‘I'm a sentimental old fool’
Oxford Living Dictionaries

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The classic term might be melancholy, as it is used in this exchange between Amiens, who has been singing a sad song, and Jaques, who has been avidly listening, in As You Like It:

Jaques. More, more; I pr'ythee, more.

Amiens. It will make you melancholy, Jaques.

Jaques. I thank it ; I do love it better than laughing.

...

Amiens. My voice is rugged : I know I cannot please you.

Jaques. I do not desire you to please me; I desire you to sing.—I can suck melancholy out of a song, as a weasel can suck eggs. Come, warble, warble.

As Jaques says elsewhere in the same scene, his is "a melancholy of mine own, compounded of many simples, extracted from many objects; and, indeed, the sundry contemplation of my travels, in which my after rumination wraps me is a most humorous [that is, strongly felt] sadness." That is a pretty good description of the experience of luxuriating in the deep pathos of a heartfelt sadness.

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    Melancholy is a feeling of sadness, not the enjoyment of it. So you'd have to describe the person in the question as longing for melancholy for example. In fact the cited passages in this answer suggest melancholy is undesirable, but Jacques asserts that he would welcome it.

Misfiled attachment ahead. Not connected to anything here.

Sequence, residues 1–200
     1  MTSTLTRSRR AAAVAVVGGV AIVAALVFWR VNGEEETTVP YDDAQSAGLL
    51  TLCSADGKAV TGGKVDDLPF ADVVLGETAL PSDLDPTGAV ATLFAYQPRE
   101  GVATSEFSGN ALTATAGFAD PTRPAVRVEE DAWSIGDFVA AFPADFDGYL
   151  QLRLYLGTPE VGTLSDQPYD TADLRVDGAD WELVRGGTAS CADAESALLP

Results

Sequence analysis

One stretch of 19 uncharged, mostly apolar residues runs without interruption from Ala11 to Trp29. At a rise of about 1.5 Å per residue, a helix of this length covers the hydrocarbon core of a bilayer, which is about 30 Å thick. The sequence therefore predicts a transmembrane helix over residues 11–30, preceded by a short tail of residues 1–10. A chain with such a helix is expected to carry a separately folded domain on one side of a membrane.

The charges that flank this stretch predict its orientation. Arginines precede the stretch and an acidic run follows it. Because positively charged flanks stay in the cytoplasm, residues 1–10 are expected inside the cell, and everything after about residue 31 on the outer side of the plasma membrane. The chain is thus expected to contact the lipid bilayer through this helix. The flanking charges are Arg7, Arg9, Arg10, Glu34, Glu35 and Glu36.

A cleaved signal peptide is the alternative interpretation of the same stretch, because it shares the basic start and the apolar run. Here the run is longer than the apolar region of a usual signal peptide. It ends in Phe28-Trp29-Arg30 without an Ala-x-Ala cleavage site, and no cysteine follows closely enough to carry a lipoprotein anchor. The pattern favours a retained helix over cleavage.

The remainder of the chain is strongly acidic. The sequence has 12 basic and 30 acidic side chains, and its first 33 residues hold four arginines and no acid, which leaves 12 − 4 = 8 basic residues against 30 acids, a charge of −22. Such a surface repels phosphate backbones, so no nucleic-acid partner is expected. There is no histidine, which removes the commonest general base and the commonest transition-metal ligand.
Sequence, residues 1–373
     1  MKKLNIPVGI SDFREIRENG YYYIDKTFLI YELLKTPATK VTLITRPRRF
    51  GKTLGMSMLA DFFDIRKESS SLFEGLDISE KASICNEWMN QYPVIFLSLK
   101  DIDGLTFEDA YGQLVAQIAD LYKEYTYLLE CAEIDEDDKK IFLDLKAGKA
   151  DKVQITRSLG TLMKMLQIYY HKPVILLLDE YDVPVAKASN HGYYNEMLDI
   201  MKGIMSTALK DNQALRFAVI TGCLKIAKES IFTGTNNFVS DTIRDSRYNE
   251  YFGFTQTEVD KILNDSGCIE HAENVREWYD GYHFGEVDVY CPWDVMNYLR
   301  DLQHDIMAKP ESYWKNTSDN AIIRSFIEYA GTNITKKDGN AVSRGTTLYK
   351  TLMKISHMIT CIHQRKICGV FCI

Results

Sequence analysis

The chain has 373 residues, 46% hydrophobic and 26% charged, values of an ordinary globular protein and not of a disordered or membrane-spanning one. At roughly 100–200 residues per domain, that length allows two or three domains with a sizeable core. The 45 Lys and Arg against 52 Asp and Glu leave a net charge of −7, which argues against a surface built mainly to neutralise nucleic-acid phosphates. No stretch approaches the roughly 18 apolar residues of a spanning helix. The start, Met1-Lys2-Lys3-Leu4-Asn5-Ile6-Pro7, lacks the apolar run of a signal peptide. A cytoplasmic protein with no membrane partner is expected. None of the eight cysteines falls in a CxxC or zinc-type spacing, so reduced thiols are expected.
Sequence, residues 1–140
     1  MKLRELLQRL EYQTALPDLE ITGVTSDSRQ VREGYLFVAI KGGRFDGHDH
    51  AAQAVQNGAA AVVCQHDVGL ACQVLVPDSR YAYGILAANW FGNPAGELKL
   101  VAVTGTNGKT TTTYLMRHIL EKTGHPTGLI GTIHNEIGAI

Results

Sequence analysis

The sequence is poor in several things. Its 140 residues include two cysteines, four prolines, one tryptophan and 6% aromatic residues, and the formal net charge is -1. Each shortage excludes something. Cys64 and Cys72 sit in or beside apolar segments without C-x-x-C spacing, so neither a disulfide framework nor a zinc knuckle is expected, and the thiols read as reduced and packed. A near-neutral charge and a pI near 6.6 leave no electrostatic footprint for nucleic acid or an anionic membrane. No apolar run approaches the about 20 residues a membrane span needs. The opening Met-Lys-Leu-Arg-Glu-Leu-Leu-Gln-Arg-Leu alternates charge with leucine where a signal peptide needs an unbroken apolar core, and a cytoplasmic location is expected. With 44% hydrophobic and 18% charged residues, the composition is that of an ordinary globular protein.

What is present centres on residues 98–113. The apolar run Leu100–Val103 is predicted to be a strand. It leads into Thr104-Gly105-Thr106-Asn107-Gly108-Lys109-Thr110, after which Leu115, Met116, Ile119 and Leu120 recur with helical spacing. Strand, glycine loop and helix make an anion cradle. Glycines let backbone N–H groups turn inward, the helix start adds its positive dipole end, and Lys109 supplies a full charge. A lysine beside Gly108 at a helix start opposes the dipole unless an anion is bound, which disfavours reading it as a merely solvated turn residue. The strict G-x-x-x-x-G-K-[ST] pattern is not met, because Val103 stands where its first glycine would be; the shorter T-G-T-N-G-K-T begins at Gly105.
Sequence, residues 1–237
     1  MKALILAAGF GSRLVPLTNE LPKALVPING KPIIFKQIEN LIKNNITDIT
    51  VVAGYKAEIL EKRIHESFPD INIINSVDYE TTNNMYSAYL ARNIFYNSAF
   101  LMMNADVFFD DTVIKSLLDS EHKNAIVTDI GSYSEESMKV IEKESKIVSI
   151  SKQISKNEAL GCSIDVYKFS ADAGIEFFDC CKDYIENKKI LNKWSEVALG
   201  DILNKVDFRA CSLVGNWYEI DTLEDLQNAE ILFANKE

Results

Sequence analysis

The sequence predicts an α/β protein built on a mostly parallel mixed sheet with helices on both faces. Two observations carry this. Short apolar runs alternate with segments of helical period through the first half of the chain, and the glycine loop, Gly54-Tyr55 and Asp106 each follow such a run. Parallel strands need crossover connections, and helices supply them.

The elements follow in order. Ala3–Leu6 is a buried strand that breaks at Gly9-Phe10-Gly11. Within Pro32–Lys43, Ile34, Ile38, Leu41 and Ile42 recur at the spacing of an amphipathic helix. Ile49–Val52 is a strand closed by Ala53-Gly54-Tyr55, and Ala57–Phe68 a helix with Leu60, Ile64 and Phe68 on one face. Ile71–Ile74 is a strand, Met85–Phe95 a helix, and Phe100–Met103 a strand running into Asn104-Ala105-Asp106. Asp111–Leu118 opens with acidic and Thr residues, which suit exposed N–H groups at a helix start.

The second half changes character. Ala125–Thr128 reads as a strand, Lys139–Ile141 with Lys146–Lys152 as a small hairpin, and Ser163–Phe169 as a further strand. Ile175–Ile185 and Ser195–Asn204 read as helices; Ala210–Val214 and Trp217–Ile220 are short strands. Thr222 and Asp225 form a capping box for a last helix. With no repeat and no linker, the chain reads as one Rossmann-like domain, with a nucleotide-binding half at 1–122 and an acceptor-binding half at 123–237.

– talrnu
    Sep 12 '17 at 17:12
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    Even if the quoted passages in this answer suggests that melancholy is undesirable, John Milton's Il Penseroso suggests otherwise. poetryfoundation.org/poems/44732/il-penseroso
    – Yoshi Bro
    Sep 18 '17 at 22:17
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If we are describing the sensation of enjoying something sad, that could be bittersweet:

n. something that is bittersweet; especially : pleasure accompanied by suffering or regret

adj. being at once bitter and sweet; especially : pleasant but including or marked by elements of suffering or regret ⋅ a bittersweet balladbittersweet memories
from m-w.com

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    So far this is the only word I can find (on this site or anywhere) that comes close to describing what OP wants. I can't believe there isnt a proper word for this though. Sep 12 '17 at 19:26
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    @kingfrito_5005, have to agree with you there... what OP describes is ubiquitous enough to deserve a name of its own, but there doesn't seem to be one. Sep 13 '17 at 9:10